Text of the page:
Without treatment OCD is usually a lifelong illness with periodic worsening and improvement of symptoms. Cognitive Behaviour Therapy (CBT) can be used to help children face the very situation they fear without having to resort to their rituals. This has to be done gradually. Coping strategies are introduced and children are encouraged to log the frequency of their worrying thoughts. Many obsessions and compulsions can be reduced to a point where they no longer interfere with normal life or are eliminated altogether. Some children may also find counselling of use. Medication can provide an almost instant relief to people suffering from OCD but it should be used together with other coping strategies. 

Knowing how to respond to a child who suffers from OCD can help them to overcome some of their fears. It is important to show patience, kindness and to be sympathetic. However do not tell them to stop performing their ritual but at the same time do not actively support their behaviour. 

Case Study:

A 10 year old child who recently suffered the death of a close family member has started to wash his hands very frequently. His hands look red and sore but he finds it impossible to stop washing them. He looks worried and self absorbed but will not say what his problem is. He frequently asks to be reassured about situations that seem trivial and unimportant.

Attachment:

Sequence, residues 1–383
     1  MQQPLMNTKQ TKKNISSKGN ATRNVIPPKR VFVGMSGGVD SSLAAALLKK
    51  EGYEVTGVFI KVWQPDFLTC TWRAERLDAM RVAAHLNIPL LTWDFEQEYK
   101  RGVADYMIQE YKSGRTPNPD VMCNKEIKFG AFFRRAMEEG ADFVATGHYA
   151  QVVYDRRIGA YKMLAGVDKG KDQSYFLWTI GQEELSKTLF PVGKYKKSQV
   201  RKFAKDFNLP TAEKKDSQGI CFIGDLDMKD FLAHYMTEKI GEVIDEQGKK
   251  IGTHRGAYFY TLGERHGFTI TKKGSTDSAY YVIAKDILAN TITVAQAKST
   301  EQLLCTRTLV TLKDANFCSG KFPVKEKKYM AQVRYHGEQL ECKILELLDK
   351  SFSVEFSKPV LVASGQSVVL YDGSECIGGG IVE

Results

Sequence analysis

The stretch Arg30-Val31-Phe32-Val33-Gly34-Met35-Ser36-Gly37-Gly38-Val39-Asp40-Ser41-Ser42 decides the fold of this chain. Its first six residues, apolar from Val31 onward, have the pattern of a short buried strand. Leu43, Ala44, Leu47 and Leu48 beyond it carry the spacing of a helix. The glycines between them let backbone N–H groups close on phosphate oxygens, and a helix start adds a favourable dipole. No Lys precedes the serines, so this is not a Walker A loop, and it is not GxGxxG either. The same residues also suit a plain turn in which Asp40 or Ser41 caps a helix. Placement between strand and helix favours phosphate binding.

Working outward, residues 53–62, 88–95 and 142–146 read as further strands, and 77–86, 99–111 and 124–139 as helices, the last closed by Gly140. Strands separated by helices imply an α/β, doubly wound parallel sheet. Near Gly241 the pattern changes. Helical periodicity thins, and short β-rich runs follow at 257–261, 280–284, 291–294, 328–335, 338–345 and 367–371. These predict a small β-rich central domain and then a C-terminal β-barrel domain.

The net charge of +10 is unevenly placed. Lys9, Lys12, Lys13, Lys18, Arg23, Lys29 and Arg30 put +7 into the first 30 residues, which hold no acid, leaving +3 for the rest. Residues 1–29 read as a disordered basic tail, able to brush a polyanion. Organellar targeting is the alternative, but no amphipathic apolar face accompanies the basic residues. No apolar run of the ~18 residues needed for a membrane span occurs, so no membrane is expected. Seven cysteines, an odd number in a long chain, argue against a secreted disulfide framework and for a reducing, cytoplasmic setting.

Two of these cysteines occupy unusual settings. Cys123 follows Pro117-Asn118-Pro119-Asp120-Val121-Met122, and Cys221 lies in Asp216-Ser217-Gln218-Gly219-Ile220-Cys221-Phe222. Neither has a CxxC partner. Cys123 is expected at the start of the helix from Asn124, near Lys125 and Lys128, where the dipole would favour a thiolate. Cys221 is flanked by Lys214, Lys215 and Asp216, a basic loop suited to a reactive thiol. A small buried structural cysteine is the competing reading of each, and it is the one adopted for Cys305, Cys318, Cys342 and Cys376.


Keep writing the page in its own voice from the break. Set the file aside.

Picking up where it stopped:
This child was diagnosed with OCD and was offered counselling and cognitive behaviour therapy. At first he resisted believing that he had a problem and was loathe to talk to his counsellor. However after allowing time to build a trust between him and his counsellor he was able to learn ways to reduce his worries and his handwashing. Medication was also advised and together with strategies given to him by his counsellor and support and a great deal of patience from his parents and those close to him, he managed to get his life back to a greater degree of normality. These strategies included:

  • Writing down each worry with the time the worry occurred and the reason for the worry.
  •  Distraction techniques – go and do a puzzle or read a book or do something you enjoy doing.
  •  Visualisation – pick a place where you feel relaxed and happy and when you get a worry think of this place.
  • If you give in to the worry (for example, keep washing your hands) the worry will get worse. If you resist the worry, no matter how hard, the strength of the worry will decrease and the time between occurrences of the worry will increase. 

He has spells of coping well but can also relapse and start washing his hands too frequently, usually when he is tired or when a stressful incident occurs in his life. He is always aware of his worries but as long as he uses the techniques learned from his counsellor he is able to put them to the back of his mind. 

It is important to look for the signs indicated in this article to show that a learner might have OCD and to make a referral expressing your concerns to the appropriate member of staff. The websites listed below give a lot of useful information on supporting learners with OCD. Most interventions and support should initially be made by a medical practitioner. 

Useful books and websites:

Atkinson, M. & Hornby, G. (2002) Mental Health Handbook For Schools.London: RoutledgeFalmer 

Toates, F. (1990) Obsessive Compulsive Disorder. What is it? How to deal with it. Harper Collins.London 

www.ocduk.org – a charity run by sufferers of OCD for sufferers providing facts about OCD

www.livingwithocd.co.uk – Information and advice on how to beat the disorder.

This and other articles from Dave are available at www.behavioursolutions.com